In my twenties I accidentally became an actor. I was in a handful of decent plays, did countless auditions and some bad TV, and, as Alice in Wonderland, toured schools in the Australian outback with a theatre in education troupe. Doing auditions and reading scripts was the beginning of a lasting interest in how and why we tell stories, which gave me lots to think about whilst I became an experienced waitress.
I wanted to write, but this seemed even more irresponsible and unrealistic than be-ing an actor, so I didn’t take the aspiration seriously.
Then I was asked out by an actor who was also a writer, who later told me that I had written ‘the most perfectly composed rejection letter he’d ever received.’ I tactfully didn’t ask him how many he had received. He offered me some work script editing, and then re-searching a television series he was developing about three powerful men who were rivals for the Saxon crown in the eleventh century.
The series was never made, but in the process of researching I became preoccupied with a nine-hundred year old embroidery called the Bayeux Tapestry. Its unknown origin and cipher-like artwork captivated and enchanted me. The more I read about this embroi-dery called a tapestry, the more driven I was to discover who had made it and why. In the absence of satisfactory answers I formulated my own, inspired by some under-appreciated eleventh century women.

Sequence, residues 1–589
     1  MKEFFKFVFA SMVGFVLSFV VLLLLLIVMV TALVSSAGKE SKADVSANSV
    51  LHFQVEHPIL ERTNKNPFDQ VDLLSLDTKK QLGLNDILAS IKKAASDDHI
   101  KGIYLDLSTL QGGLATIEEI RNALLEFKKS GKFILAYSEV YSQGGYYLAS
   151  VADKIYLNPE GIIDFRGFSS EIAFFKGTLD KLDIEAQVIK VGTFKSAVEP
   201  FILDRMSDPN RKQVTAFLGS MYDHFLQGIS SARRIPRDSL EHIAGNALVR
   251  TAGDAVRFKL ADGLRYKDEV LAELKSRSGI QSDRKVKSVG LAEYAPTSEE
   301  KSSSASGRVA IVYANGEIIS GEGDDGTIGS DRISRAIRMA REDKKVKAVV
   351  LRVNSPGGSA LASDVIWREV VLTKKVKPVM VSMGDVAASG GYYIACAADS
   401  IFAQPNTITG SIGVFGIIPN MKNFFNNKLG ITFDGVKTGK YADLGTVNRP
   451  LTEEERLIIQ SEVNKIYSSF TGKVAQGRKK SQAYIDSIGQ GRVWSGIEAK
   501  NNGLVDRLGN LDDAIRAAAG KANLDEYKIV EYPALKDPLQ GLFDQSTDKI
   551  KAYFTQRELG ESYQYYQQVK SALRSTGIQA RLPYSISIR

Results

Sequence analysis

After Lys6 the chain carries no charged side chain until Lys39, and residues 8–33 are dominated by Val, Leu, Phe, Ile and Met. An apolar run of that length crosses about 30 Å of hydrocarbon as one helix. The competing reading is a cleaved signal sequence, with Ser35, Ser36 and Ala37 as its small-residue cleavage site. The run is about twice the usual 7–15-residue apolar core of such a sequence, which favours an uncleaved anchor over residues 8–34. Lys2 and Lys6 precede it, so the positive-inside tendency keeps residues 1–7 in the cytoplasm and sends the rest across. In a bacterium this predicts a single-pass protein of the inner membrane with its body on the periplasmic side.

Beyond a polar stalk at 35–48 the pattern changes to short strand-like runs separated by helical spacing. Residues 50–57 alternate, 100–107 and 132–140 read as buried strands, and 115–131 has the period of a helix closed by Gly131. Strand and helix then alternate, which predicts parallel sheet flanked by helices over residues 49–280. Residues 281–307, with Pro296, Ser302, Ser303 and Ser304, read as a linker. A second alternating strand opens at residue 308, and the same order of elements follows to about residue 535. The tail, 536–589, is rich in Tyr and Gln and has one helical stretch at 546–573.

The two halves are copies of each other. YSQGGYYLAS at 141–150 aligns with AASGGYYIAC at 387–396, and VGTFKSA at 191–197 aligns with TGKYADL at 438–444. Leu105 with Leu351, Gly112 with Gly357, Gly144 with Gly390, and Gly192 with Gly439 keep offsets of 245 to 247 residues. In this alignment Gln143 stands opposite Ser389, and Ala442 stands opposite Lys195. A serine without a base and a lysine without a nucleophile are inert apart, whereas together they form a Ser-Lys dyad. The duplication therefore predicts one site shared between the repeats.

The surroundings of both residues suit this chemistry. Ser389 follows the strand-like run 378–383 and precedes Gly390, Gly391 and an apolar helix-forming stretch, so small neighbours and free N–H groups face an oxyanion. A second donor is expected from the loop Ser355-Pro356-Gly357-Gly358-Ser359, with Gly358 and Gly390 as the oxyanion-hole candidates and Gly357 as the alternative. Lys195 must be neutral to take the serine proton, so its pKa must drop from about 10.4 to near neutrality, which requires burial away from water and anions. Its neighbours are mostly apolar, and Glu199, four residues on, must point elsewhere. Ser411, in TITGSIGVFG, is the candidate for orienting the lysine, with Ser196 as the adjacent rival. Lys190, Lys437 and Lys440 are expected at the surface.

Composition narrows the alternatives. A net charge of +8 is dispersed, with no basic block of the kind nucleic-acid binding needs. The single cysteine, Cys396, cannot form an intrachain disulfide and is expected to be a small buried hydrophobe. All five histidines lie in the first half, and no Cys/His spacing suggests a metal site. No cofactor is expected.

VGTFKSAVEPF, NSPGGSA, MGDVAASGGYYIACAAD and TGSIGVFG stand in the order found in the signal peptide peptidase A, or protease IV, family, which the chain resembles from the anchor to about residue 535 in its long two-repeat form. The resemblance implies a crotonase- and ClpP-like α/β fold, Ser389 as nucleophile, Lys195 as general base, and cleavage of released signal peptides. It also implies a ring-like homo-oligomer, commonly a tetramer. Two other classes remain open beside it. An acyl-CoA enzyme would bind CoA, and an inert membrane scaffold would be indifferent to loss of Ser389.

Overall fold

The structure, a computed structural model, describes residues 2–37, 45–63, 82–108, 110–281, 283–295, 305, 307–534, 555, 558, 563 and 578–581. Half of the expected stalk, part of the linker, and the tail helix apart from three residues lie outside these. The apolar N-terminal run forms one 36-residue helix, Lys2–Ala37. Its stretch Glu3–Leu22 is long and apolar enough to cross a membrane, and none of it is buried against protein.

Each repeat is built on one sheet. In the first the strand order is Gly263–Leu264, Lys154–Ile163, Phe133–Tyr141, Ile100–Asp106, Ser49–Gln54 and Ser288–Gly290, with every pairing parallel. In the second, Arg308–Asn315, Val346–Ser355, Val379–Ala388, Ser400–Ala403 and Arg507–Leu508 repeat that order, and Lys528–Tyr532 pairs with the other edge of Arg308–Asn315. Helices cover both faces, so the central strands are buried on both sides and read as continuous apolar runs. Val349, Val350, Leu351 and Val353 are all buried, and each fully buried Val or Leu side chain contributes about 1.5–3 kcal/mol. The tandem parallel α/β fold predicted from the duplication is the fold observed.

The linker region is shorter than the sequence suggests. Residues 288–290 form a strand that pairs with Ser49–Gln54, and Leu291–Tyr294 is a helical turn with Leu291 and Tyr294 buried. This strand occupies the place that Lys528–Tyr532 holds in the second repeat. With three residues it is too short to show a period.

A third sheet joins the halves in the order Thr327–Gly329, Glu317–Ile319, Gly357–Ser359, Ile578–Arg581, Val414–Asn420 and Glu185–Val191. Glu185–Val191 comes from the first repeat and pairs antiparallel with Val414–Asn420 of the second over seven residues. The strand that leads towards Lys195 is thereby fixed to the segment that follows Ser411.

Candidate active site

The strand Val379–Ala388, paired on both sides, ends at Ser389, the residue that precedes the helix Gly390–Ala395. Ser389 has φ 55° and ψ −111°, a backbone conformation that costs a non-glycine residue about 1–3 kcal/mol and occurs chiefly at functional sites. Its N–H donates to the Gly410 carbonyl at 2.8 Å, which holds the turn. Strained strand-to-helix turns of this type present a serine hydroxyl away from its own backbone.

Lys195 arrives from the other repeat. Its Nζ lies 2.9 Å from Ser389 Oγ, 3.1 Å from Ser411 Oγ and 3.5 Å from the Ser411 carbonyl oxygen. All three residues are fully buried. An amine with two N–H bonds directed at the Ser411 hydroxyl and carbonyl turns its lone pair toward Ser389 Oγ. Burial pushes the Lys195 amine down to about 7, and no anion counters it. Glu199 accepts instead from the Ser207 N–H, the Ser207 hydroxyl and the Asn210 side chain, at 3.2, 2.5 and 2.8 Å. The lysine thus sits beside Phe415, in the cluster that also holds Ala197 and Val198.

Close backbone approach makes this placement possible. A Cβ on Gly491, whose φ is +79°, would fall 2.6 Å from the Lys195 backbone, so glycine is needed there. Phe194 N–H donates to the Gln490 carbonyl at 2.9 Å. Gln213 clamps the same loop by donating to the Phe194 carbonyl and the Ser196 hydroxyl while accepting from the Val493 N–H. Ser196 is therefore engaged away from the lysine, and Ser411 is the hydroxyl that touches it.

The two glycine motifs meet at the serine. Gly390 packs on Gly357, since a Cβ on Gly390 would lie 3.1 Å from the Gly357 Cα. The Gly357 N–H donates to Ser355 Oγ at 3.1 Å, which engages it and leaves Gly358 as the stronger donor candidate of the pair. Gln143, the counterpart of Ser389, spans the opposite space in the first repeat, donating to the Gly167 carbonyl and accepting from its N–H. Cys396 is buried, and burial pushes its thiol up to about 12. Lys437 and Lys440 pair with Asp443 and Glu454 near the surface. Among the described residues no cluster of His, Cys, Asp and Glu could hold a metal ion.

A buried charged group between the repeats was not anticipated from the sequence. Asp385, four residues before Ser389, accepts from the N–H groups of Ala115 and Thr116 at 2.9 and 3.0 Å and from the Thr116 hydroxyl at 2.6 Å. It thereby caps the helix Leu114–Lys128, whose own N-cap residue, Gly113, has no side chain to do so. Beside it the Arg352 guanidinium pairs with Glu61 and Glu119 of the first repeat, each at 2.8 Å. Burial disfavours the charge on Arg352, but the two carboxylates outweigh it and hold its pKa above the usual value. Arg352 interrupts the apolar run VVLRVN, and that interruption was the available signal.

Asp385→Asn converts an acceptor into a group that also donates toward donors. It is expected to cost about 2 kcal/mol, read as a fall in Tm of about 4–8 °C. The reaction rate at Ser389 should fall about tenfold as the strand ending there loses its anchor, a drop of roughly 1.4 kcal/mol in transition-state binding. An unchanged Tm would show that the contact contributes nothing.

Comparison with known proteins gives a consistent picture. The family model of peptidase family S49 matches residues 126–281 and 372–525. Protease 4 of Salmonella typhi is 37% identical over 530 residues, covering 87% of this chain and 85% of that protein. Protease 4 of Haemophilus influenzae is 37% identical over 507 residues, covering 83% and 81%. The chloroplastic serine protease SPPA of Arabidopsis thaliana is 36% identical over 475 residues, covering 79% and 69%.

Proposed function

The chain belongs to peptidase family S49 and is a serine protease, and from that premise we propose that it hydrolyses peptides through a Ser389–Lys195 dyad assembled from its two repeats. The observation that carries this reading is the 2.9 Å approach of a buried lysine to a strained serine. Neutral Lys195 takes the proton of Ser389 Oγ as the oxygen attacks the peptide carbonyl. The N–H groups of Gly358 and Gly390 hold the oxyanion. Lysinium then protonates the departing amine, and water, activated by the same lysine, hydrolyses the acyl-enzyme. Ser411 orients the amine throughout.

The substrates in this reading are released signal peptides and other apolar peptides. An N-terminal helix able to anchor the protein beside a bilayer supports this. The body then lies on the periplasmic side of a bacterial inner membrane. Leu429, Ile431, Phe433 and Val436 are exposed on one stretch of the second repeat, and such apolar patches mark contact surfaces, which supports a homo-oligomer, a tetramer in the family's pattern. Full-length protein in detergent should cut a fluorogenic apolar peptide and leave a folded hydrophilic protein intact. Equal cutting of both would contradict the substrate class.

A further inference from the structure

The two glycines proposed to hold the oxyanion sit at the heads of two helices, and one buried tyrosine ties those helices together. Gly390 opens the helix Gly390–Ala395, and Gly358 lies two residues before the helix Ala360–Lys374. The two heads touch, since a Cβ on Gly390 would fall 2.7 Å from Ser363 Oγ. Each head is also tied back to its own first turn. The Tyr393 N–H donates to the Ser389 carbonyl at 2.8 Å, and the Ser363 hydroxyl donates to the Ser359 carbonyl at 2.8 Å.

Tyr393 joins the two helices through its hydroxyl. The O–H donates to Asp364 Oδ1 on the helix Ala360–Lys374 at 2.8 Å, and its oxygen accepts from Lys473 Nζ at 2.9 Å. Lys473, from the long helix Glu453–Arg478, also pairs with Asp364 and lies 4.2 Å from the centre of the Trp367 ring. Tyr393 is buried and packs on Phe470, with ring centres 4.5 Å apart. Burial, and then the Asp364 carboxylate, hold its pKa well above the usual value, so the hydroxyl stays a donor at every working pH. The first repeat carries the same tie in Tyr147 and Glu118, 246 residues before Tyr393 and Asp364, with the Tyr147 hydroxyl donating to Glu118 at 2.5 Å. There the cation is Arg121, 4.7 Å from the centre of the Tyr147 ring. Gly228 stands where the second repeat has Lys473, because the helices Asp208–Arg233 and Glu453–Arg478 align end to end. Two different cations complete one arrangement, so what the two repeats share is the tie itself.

By this time I was working as a production secretary on a television series, and part of my job was to operate script-formatting software. I was reading a lot of scripts, so it seemed natural that my writing should take the shape of a screenplay. I was fortunate to find a friend in the producer of that series, Denny Lawrence, who suggested to me that writing a first screenplay set in medieval Westminster and present-day Canterbury was quite ambitious, and perhaps I would consider writing my story as a novel instead?
I thought he was mad. Write something as lengthy and complex as a novel? As if.
Several drafts of my first novel later I was living in Bristol in the UK. I had now, on and off, been writing and rewriting Tapestry for almost ten years and I understandably thought it was finished. I sent some chapters out to several literary agents and waited. Fi-nally, Kate Hordern & Associates, called me.